If I have a dental insurance plan can I deduct the expenses that the plan does not fully cover. Meaning the plan paid for part my daughters braces but not all. Can a deduct what I had to pay out of pocket? Or the visit I had to the dentist office? The insurance covered some but I had to pay the remaining.
Dental expenses are a valid medical expense itemized deduction. It may or may not provide a tax benefit.
Only the amount of medical expense itemized deductions that are more than 10% of your adjusted gross income (under 65) are deducted. Also, itemized deductions provide no tax benefit until all of them added together are more than the standard deduction for your filing status.
2015 Standard Deduction
Taxpayer under 65, not claimed as a dependent
$6,300 for Single
$12,600 for Married Filing Jointly, or Qualifying Widow(er) with dependent child
$9,250 for Head of Household
$6,300 for Married Filing Separately
For over 65 or blind, add $1,250 for each instance or add
$1,550 each instance if single and not a surviving spouse.
Here's additional information that may be helpful:
Yes, you can deduct the out of pocket dental expenses that you had, provided that you itemize your deductions. In addition for 2017, the total of your itemized medical deductions needs to exceed 7.5% of your adjusted gross income. Enter all of your medical expenses: doctors, lab work, equipment, dental/eye costs, and mileage in the medical section. TurboTax will calculate the 7.5% for you.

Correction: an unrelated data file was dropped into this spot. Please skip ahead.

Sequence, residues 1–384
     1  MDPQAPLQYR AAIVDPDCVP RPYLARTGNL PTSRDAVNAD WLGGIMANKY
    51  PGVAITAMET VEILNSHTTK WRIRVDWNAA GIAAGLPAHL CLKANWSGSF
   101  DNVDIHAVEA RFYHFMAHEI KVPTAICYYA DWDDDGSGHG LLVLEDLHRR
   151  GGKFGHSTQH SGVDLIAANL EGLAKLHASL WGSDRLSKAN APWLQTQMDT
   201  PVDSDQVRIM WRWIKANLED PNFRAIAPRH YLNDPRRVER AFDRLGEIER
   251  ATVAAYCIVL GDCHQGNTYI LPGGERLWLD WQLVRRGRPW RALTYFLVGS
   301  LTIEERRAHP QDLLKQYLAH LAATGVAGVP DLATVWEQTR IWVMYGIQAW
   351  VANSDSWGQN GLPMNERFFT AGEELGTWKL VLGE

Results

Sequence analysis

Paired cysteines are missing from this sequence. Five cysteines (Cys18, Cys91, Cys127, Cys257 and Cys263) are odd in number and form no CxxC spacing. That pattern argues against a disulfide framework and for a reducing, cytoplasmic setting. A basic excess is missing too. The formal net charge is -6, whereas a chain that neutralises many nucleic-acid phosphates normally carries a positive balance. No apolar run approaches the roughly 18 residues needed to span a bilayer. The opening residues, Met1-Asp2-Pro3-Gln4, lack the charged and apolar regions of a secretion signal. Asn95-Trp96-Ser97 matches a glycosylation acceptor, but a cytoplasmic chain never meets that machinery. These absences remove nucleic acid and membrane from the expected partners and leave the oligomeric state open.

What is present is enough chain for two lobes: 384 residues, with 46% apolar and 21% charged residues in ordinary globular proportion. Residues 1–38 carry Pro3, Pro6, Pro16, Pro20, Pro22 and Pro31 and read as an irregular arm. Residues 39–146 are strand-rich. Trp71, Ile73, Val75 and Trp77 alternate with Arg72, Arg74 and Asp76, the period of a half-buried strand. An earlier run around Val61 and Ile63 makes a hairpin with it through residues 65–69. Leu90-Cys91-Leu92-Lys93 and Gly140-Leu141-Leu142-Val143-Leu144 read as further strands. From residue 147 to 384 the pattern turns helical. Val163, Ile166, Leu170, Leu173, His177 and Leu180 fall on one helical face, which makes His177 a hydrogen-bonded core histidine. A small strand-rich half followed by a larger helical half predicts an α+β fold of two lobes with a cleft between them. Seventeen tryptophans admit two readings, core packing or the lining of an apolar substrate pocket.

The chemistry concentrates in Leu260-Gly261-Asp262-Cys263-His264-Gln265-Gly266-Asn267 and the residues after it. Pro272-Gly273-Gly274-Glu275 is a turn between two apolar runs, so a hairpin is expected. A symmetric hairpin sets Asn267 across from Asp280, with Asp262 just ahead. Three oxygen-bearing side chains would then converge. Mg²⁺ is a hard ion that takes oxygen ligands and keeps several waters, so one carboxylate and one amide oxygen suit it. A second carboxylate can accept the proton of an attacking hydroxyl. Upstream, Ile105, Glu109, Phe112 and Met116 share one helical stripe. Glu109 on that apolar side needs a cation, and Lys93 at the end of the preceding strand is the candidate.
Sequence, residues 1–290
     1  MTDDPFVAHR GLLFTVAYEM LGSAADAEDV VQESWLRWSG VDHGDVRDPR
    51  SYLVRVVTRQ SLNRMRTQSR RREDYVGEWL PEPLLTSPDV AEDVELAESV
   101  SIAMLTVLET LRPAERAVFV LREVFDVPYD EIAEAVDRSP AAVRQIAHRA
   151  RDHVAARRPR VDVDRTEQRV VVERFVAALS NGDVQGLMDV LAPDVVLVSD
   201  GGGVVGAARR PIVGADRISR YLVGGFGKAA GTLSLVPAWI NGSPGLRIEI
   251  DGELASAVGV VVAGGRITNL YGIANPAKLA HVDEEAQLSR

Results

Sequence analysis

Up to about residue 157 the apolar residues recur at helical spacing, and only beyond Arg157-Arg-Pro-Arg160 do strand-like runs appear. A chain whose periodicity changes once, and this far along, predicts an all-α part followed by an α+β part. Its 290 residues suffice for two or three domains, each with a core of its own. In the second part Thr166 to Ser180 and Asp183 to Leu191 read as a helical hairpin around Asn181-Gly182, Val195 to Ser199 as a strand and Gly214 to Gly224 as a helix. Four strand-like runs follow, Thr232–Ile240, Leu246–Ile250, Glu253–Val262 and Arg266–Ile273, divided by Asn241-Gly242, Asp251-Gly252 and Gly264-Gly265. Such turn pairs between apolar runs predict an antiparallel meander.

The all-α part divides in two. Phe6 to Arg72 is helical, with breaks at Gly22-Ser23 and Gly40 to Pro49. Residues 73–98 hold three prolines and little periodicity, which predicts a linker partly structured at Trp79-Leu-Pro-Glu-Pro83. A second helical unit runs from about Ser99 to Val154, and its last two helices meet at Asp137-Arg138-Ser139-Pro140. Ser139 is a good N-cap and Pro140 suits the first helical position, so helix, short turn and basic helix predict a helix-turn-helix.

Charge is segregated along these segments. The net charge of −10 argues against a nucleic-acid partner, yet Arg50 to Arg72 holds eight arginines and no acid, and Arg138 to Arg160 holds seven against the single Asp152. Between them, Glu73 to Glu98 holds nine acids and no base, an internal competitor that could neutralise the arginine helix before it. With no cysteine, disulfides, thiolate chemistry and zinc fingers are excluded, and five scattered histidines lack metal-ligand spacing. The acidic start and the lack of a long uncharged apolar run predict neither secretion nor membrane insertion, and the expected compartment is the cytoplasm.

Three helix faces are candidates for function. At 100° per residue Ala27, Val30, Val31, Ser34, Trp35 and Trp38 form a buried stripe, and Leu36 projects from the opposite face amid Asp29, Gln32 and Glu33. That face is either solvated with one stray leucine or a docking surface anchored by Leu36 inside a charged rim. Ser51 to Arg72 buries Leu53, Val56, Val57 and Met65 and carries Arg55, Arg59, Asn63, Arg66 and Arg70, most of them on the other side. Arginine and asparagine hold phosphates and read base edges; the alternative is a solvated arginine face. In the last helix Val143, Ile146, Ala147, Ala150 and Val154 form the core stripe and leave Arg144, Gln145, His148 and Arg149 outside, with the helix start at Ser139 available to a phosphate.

Thanks, I have a couple of follow up questions about where to specifically list some of these expenses. Some are medical and dental. I should qualify this year because of my particular financial situation which was not true of years prior.
You can deduct all of your medical expenses paid in 2017 with after-tax or unreimbursed dollars. It does not matter if the event was 5 years ago, only that you made payments in 2017. Any amounts reimbursed via insurance or HSA would not be deductible.
It isn't even necessary to break them into separate categories, unless you want the details on worksheets. On the IRS form schedule A, all medical expenses are lumped into one total. Saves a lot of time to just tally the total.